Bond Yields Rise
US stocks were down slightly overnight with the Dow closing down 0.15% while the S&P500 was down 0.3%. The Nasdaq 100 was the worst performer of the three, down 0.5%. The US tax bill has been approved by the House of Representatives and must now face the Senate. The bill will lower the corporate tax rate to 21% from 35% previously (among other things) and should be a net benefit for stock valuations. The ASX 200, meanwhile, climbed 0.55% yesterday bringing it to a new 10-year high and adding to Monday's gains.
Longer term bond yields rose overnight, steepening the yield curve after months of a general trend toward flattening. The US 10-year yield is now 2.46% and beginning to approach the three-year highs of 2.62% reached in March of this year. Although Australian bond yields were also up substantially yesterday, the spread between the US and AU 10-year bonds is now just 18 basis points which is almost a 15-year low and unless Australian rates begin to move higher, it is likely that the US 10-year bond will soon offer a higher yield than the equivalent Australian bond.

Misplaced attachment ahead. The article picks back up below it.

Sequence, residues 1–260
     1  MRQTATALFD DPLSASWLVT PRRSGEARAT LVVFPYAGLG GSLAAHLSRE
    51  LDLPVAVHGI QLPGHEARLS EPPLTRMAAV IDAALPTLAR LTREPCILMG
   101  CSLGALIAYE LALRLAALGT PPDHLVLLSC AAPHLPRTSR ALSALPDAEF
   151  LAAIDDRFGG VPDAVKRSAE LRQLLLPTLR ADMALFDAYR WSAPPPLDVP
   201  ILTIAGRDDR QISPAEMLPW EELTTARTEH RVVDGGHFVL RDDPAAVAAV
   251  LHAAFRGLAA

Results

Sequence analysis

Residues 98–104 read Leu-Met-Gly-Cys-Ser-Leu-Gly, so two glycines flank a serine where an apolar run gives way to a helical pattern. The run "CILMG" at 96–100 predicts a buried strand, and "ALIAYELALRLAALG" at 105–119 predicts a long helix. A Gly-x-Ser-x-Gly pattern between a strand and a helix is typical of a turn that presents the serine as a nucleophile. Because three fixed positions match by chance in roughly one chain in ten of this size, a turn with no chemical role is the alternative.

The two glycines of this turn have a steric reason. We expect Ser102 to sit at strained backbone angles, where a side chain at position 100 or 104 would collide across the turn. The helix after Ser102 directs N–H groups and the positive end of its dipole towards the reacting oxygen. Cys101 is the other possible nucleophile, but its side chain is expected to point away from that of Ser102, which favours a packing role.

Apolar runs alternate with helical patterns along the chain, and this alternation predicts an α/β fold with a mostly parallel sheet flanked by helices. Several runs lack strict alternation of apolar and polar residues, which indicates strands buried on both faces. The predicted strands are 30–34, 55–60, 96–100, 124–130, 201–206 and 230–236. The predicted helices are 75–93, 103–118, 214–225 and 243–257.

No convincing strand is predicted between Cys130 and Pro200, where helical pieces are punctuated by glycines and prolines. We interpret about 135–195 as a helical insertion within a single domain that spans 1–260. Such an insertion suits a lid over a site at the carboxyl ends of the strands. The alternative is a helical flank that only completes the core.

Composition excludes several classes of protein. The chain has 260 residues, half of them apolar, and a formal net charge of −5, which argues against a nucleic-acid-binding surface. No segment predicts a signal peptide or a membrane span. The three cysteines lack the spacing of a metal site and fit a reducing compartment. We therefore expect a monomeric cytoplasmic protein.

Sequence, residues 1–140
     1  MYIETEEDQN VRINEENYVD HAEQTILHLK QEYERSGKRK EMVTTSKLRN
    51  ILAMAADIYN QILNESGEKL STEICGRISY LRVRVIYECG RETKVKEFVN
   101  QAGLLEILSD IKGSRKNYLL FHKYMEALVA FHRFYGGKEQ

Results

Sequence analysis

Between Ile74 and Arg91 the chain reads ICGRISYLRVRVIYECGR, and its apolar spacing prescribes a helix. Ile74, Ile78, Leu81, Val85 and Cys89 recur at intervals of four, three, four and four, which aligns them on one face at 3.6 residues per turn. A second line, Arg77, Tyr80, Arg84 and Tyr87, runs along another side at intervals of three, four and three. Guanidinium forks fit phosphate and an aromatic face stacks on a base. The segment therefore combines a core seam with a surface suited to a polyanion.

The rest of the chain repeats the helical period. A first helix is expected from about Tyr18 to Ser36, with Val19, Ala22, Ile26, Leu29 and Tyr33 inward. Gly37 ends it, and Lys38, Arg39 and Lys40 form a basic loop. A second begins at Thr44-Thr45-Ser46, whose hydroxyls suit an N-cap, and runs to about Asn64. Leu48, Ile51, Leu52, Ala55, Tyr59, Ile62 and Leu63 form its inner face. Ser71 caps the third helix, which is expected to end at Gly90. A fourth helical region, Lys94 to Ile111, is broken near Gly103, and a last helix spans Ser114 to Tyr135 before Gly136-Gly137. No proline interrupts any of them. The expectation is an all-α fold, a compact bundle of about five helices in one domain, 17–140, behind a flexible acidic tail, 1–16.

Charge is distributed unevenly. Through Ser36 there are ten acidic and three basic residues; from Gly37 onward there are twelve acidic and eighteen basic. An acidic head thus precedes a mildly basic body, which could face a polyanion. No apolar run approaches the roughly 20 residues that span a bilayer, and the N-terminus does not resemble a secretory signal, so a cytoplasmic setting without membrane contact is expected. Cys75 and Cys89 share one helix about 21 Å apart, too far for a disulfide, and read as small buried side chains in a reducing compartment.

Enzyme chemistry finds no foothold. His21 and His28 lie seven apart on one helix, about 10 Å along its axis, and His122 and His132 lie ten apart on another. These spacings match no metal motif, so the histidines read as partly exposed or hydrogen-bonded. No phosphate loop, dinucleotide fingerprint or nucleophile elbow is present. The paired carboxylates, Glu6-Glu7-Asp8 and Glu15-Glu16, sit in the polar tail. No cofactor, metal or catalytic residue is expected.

The monetary policy meeting minutes of the most recent Reserve Bank of Australia meeting were released yesterday and showed that the bank expects unemployment to keep falling and inflation to rise toward the 2-3% target. On the international front, China's economy has been stronger than expected so far this year which has been a positive for Australia's mineral exports and balance of trade. In the end the board left rates unchanged but the sentiment seems to be slowly shifting towards the need for a rate hike at some point.
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This article was written by William O'Loughlin – Investment Analyst, Rivkin Securities Pty Ltd. Enquiries can be made via firstname.lastname@example.org or by phoning +612 8302 3633.